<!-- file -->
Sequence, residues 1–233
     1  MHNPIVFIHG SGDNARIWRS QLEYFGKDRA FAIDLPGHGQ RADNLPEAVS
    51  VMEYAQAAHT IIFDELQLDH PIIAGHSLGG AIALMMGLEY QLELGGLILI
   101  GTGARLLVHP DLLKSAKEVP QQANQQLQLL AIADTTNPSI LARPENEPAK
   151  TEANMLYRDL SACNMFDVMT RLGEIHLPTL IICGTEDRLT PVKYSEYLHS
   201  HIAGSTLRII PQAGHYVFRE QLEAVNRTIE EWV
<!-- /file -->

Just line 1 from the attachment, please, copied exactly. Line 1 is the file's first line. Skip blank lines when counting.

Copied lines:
Sequence, residues 1–233